I'm a CFE

Kendrick Thomas, CFE

Criminal investigator and training & operations manager at the U.S. Army Criminal Investigation Command

Kendrick Thomas, CFE, the oldest of seven children, has always credited his greatest achievements to his family. But his experience in the military follows closely behind. As a criminal investigator and training & operations manager at the U.S. Army Criminal Investigation Command in Fort Hood, Texas, he credits his expanding knowledge of white-collar crime to the connections he’s made as a Certified Fraud Examiner. “In 2013 I became interested in obtaining my CFE and I finally received it in 2018,” he says. “Be willing to put in the time and effort to obtain whatever it is that you seek. Whether it be investigative results or certifications, persistence is key.”

I was born and raised in West Columbia, South Carolina. At age 17 I left home to join the U.S. Marine Corps and have been all over the world ever since.

Growing up I was always outside playing sports, working on cars with my dad and fishing. In third grade we took a trip to the local fire department, so I always wanted to be a fireman.

As a criminal investigator in the U.S. Army Criminal Investigation Command (CID) our primary responsibility consists of investigating felony-level crimes in which the Department of the Army has an interest. Currently, as the training manager in our battalion in Texas, I am responsible for managing all investigative and non-investigative training and resources for approximately 200 military and civilian law enforcement and support personnel. I provide direct training management support to five subordinate investigative units, ensuring that personnel receive the necessary training required to efficiently and effectively carry out our investigative missions.

I’ve participated in a variety of fraud-related investigations that include, but aren’t limited to, military housing allowance fraud, basic pay fraud, and procurement and contract fraud. In my current role as a training manager at our battalion level, I’m responsible for identifying the appropriate training and acquiring the necessary slots in which to place our investigators.

I’ve always had an interest in economic and white-collar crime, but that interest deepened while working with a likeminded colleague in Germany in 2011. She displayed an interest in the same and fittingly now works in San Antonio, Texas, as a civilian fraud investigator for the U.S. Army CID Command.  My interest was solidified in 2013 when I met, for the first time, several CFEs who were also on active duty and part of the same investigative organization as me.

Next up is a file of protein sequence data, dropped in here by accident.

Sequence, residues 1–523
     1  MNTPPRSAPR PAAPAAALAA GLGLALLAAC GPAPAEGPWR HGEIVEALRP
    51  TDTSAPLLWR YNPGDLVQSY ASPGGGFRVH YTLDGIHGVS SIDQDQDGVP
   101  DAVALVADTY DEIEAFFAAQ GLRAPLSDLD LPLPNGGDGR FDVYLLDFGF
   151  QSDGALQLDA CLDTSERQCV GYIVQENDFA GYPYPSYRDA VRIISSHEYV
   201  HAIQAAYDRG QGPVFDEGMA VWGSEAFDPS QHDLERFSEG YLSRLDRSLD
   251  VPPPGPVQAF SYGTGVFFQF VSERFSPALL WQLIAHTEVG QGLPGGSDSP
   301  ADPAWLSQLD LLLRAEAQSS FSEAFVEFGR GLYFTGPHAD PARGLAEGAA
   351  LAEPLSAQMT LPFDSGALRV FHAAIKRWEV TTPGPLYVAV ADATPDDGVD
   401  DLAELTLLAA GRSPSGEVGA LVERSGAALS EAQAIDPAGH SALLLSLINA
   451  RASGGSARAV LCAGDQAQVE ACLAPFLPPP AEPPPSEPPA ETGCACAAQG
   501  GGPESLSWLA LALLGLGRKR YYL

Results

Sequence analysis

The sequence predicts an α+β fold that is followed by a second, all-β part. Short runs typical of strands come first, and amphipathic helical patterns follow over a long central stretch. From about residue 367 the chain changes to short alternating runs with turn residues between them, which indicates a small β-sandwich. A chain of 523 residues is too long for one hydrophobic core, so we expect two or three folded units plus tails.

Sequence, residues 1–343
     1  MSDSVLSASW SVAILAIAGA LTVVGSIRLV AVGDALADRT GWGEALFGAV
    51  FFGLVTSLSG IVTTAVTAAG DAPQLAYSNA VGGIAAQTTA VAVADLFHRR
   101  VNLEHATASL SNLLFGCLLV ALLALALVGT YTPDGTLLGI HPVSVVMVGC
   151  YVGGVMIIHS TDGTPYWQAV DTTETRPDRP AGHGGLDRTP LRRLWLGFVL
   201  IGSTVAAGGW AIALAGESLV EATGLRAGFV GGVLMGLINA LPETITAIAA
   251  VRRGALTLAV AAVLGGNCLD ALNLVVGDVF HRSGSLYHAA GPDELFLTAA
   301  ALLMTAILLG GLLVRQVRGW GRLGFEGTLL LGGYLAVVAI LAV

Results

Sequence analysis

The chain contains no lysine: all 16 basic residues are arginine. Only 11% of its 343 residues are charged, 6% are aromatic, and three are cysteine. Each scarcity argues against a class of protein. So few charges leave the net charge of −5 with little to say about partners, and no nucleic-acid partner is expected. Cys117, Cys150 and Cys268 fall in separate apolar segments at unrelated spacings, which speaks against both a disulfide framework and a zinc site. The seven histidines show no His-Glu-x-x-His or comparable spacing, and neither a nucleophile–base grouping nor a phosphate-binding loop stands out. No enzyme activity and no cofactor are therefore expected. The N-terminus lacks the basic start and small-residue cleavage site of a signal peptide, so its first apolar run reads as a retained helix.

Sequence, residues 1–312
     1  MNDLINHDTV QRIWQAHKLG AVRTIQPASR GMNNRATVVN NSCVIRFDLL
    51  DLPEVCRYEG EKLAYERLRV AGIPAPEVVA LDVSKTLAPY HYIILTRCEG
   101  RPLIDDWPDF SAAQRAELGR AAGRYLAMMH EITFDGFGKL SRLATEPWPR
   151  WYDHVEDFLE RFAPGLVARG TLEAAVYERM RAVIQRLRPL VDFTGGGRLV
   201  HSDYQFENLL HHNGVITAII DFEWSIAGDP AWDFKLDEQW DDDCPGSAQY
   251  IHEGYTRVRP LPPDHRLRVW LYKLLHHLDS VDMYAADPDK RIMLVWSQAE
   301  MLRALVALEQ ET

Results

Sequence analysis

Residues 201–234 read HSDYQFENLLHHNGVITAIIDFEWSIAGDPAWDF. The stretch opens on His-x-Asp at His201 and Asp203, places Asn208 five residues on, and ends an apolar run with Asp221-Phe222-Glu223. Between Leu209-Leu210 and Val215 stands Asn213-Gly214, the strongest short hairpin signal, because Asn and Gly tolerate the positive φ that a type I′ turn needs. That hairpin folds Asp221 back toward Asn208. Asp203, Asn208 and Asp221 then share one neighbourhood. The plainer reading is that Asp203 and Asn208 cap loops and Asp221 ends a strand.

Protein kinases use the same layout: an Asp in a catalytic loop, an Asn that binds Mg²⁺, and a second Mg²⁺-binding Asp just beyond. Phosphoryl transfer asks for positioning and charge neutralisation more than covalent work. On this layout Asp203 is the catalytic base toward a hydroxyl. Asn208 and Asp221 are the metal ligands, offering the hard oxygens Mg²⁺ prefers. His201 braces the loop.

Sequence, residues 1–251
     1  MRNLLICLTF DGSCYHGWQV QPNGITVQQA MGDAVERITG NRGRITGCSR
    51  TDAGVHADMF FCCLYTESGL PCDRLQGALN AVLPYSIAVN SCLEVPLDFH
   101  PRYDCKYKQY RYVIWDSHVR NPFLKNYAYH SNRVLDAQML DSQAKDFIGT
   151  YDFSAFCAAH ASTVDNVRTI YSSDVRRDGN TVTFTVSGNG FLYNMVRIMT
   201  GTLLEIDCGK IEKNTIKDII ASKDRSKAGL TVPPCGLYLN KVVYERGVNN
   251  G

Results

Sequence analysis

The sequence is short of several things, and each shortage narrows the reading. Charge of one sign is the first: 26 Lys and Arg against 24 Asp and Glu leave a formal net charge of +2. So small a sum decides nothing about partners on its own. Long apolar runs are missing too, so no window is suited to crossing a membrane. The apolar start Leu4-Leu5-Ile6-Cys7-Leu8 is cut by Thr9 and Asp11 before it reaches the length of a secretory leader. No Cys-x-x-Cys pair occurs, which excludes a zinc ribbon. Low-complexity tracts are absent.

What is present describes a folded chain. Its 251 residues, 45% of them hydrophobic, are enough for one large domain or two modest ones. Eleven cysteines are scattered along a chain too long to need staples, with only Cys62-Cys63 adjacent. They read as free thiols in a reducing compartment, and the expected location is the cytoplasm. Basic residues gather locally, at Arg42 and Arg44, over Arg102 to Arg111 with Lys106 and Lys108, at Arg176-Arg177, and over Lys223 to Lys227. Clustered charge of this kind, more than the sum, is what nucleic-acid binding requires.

The most important lesson I’ve learned while working in this field is to continue to be willing to learn from others.

I’ve been exposed to various types of criminal activity both in and outside of the military, which has been a good thing. Over the course of 12 years with the U.S. Army CID Command Advanced, I’ve learned and honed investigative skills like crime-scene processing, crime-scene photography, conducting child abuse and sexual assault investigations, hostage negotiations and evidence collection.

The most important lesson I’ve learned while working in this field is to continue to be willing to learn from others. As it pertains to learning what we don’t know, adding a thing or two from others to one’s toolbox displays a willingness and desire to be better at your craft.

I first heard of the ACFE and CFE credential while preparing to deploy to the Middle East in 2013. Two fellow agents (also CFEs) were invited to our training location to provide a brief overview in economic crime activity. Both had obtained the CFE, out of pocket, because of their interests in fraud and desire to become subject-matter experts within our organization. Until then I’d been unaware that there was a credential path that could be taken by those interested in fraud examinations.

The CFE credential allows me to identify and interact with others who’ve had their CFE for much longer. This has helped me expand my connections and widen my knowledge base.

Outside of work, I like to relax with my wife and children by going RVing. When time allows, we always try to take a road trip with our tow-behind to any nearby lakefront location. In 2017, while we were living in Virginia, we sustained blown tires but didn’t know it. We continued to pull our trailer down the highway for a while before we were flagged down, corralled and forced to pull over by other motorists on the road. What can I say — when you’re in the zone, you’re in the zone.

Emily Primeaux, CFE, is associate editor of Fraud Magazine. Contact her at: eprimeaux@ACFE.com.